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Current ski technology about to go by the wayside? - Page 2

post #31 of 59
Quote:
Originally Posted by Utah49
Wood core skis. As the cost of wood gets higher woodcore skis will be a thing of the past. More like 10 years then 5 years. Or at least, woodcore skis will be a very expensive toy for the well healed skier.
Sorry Utah, not gonna happen. Volkl has their own private source of timber, and as with everything else German, it is extremely well managed. Your 30 to 40 year renewable resource is being replaced at an appropriate pace to keep up with demand.

If all of these 'doom and gloomers' are right about the climate change there will likely be a drop in demand for skis, boards, sleds, and tobagans, giving a little relief to that allocation of the timber industry.

Also, just as Russia has become one of our main sources of titanium, it may very well become a cheep source of timber. Theres lots'o trees out there in Eastern Russia -more than you can shake a stick at.

Here's a bit of ski trivia for you folks who don't know already. Volkl's primary source of labor is prison inmates. It beets making license plates. Ha!
post #32 of 59
>>>If I make it to 73 with no regrets, I might just have to go out in search of some!<<<

Hey, what was that was, why regret? Grin and bear it! Why make life harder than it is already? And in five years we here will all talk about the good old days,no? So I don't regret what Sigi didn't give me, I appreciate what she was to me.

.....Ott
post #33 of 59
Quote:
Originally Posted by ZacMan1987
Not to get too far off topic, but Tennessee has had the coldest temps on record for the past 4 days running. Our winters seem to be getting colder, our terrain is opening faster, and I'm going to be skiing powder tomorrow.
Back on topic:
I would say that the gangster aspect of new school will slowly fade. I don't know if this is really considered "technology," but I think that the puffy, punk, crap will dissappear.
That, and hopefully, conventional snowmaking will be replaced with the newer type guns which can blow at temps up to 60 degrees. That could easily lengthen my season by 4+ weeks.
The paradox of global warming is that some areas will get colder.
post #34 of 59
Quote:
Originally Posted by bsimeral
The paradox of global warming is that some areas will get colder.
Sure they will, and Santa Claus is coming to town!
post #35 of 59
Quote:
Originally Posted by telerod15
Sure they will, and Santa Claus is coming to town!

It is true. For instance, the British Isles will get very cold because the tropical north atlantic ocean flow will shut down. That is what gives northern europe and the british isles such a warm climate in a northerly latitude.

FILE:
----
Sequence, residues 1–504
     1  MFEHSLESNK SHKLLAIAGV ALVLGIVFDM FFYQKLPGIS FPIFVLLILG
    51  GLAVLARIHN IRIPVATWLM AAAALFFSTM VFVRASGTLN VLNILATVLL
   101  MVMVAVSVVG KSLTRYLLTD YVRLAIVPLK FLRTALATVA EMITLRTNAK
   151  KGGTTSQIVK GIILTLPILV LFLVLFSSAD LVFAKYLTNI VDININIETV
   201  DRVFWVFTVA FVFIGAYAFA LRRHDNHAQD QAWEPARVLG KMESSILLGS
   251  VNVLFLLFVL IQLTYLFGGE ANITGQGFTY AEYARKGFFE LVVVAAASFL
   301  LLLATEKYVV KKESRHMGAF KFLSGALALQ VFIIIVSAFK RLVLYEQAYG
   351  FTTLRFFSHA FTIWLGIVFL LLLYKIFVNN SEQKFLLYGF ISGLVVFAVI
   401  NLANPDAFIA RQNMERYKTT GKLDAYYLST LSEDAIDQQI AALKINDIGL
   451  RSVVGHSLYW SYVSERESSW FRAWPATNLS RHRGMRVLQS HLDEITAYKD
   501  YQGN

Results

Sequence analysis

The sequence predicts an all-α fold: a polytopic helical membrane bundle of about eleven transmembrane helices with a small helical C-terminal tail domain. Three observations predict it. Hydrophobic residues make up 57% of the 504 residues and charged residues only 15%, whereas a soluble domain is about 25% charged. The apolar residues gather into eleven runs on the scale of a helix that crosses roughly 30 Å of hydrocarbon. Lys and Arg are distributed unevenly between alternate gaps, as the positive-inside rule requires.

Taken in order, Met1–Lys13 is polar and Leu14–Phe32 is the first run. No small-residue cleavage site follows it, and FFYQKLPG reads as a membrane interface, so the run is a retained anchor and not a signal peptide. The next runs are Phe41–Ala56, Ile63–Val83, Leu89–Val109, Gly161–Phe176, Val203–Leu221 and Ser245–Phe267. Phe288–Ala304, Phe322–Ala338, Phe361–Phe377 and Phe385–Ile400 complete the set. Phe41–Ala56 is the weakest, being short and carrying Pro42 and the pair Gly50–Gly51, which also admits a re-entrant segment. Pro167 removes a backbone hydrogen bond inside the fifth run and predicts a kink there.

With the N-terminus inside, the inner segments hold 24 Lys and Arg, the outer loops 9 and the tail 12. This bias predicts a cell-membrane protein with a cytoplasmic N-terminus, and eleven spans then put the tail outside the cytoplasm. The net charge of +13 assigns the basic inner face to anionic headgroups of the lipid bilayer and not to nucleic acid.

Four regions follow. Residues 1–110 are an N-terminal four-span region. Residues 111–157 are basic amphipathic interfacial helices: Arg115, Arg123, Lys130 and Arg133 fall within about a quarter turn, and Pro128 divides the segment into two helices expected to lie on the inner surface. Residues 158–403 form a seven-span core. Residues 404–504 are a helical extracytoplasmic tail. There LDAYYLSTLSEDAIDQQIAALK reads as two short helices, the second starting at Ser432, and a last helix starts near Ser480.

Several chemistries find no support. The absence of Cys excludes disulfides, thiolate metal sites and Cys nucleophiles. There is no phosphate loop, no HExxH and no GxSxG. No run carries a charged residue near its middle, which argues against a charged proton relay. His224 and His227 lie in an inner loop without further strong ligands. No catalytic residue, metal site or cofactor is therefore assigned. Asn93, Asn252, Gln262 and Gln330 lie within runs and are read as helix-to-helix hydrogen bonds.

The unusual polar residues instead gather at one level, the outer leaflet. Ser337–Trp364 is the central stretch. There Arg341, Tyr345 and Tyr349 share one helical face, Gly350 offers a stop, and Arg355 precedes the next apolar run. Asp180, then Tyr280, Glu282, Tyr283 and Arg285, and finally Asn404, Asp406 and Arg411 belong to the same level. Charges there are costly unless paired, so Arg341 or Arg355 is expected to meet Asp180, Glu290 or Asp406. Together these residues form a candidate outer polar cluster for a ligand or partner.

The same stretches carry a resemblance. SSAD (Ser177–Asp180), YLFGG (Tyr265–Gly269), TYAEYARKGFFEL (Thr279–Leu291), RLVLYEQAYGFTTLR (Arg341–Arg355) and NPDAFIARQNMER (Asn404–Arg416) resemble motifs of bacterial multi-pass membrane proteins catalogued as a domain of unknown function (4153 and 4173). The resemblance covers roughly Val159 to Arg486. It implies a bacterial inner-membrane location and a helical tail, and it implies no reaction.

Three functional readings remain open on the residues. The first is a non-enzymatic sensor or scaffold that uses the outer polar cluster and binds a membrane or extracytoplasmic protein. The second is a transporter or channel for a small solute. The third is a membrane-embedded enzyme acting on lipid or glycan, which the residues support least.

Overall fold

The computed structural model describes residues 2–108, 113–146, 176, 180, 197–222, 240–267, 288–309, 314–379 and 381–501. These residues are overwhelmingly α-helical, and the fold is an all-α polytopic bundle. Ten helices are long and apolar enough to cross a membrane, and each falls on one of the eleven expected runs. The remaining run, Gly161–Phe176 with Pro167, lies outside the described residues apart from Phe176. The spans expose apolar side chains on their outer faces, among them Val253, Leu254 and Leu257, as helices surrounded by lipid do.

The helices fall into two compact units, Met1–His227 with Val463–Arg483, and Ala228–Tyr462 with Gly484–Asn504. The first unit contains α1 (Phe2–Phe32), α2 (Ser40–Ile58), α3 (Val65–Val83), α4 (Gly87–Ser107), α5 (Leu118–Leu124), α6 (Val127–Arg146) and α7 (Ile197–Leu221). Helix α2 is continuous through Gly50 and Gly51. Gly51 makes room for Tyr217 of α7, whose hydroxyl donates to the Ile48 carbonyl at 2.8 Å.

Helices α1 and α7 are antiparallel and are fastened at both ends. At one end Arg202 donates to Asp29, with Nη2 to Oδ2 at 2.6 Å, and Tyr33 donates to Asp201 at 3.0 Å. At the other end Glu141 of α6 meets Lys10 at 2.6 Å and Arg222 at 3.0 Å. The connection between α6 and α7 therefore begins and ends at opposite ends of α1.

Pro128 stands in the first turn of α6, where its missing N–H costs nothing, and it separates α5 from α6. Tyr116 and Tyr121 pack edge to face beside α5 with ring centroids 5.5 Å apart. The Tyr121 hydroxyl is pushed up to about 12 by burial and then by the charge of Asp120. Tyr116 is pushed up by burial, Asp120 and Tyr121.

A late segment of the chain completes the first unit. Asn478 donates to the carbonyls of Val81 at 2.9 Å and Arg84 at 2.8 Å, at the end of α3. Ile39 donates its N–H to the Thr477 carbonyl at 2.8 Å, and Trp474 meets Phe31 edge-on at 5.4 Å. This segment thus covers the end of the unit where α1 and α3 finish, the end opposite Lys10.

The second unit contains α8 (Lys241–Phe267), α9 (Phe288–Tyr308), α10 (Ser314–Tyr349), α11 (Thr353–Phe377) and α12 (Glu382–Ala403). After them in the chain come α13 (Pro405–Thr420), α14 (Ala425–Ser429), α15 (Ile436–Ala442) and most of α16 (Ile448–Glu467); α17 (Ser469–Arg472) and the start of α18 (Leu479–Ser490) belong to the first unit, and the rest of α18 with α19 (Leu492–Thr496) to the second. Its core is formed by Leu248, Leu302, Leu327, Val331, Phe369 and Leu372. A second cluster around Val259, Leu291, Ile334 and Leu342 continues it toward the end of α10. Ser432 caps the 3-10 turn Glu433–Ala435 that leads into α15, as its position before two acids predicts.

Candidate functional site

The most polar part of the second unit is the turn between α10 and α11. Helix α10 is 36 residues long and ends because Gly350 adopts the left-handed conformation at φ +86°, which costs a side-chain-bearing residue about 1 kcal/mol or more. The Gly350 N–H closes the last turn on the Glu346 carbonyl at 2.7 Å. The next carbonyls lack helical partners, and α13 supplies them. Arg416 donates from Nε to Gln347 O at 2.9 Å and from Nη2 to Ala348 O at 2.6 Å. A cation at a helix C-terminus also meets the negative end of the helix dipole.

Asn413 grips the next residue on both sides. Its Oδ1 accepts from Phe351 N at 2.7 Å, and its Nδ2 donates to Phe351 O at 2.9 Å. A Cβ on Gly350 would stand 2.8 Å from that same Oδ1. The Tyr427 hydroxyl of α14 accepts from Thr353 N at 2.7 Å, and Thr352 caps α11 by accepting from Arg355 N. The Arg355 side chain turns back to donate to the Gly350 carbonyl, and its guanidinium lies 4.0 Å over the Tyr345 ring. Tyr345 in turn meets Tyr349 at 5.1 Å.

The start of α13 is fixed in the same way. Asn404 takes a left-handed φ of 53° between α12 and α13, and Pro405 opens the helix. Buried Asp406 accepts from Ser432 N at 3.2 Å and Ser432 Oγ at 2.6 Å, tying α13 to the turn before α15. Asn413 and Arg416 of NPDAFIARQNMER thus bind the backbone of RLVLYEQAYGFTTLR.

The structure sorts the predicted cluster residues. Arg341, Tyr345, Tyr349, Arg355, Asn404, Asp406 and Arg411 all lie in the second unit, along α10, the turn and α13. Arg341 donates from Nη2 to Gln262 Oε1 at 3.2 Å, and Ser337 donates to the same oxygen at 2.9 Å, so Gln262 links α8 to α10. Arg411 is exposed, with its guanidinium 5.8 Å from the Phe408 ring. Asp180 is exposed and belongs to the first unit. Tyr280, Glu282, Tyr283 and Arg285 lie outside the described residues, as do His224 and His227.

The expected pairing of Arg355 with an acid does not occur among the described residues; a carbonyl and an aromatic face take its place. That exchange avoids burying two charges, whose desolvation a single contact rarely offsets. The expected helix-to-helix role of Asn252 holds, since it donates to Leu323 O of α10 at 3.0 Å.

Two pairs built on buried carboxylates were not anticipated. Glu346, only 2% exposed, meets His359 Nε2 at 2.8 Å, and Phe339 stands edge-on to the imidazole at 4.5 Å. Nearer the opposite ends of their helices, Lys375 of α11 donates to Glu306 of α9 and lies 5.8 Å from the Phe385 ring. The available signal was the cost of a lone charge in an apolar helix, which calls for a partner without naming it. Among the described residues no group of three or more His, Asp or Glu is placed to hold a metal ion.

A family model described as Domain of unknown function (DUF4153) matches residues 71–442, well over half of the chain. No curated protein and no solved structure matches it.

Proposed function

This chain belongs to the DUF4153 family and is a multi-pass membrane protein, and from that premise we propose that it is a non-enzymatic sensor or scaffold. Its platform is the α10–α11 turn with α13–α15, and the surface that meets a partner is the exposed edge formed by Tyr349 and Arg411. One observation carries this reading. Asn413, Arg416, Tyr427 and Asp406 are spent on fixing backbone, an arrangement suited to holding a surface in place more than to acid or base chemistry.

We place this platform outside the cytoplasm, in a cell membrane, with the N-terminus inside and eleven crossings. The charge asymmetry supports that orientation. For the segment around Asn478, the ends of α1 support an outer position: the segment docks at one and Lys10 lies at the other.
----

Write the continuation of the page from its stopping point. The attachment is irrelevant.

Other areas of the globe will get cooler while the overall climate will get warmer. Maybe those not so great ski areas in Scotland will become a big deal in the future.

Tennessee???? Probably not.
post #36 of 59

Props To Old Guys That Ski!

The future..... Wow. remember when everyone thought we'd be on a spaceship with HAL by now??

There is a lot of innovation with regard to ski materials development. Carbon now, maybe graphite (super-electrically charged) will someday comprise not only the core, but also the edges, topsheet, and bases of our skis, the molecular properties of the material alterable enough to fit the specs for any one or all of those component parts of a ski.
post #37 of 59
Quote:
Originally Posted by Sluff Vertigo
The future..... Wow. remember when everyone thought we'd be on a spaceship with HAL by now??

There is a lot of innovation with regard to ski materials development. Carbon now, maybe graphite (super-electrically charged) will someday comprise not only the core, but also the edges, topsheet, and bases of our skis, the molecular properties of the material alterable enough to fit the specs for any one or all of those component parts of a ski.
Are you old enough to have seen 2001 in the movies? None of us took it seriously....it was just science fiction.
post #38 of 59
I predict women's specific ski shops. This is the biggest growing segment of the ski industry -growing at close to 100% every year. Lock it -in the next 5 to 10 years.
post #39 of 59
Quote:
Originally Posted by bsimeral
Are you old enough to have seen 2001 in the movies? None of us took it seriously....it was just science fiction.
Naah, I read about it in a film history class. That's really interesting though that no one could imagine such a scenario even though it came out about the time man had first stepped on the moon.
post #40 of 59
Quote: